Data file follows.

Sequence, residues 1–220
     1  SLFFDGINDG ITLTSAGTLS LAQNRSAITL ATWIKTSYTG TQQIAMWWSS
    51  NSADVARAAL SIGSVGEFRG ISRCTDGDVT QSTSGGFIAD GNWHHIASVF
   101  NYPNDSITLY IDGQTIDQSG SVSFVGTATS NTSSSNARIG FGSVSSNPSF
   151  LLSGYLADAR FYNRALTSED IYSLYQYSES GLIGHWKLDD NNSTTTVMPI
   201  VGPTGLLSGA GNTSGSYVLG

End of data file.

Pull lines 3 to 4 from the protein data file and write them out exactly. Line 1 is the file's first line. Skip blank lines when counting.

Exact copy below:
    51  NSADVARAAL SIGSVGEFRG ISRCTDGDVT QSTSGGFIAD GNWHHIASVF
   101  NYPNDSITLY IDGQTIDQSG SVSFVGTATS NTSSSNARIG FGSVSSNPSF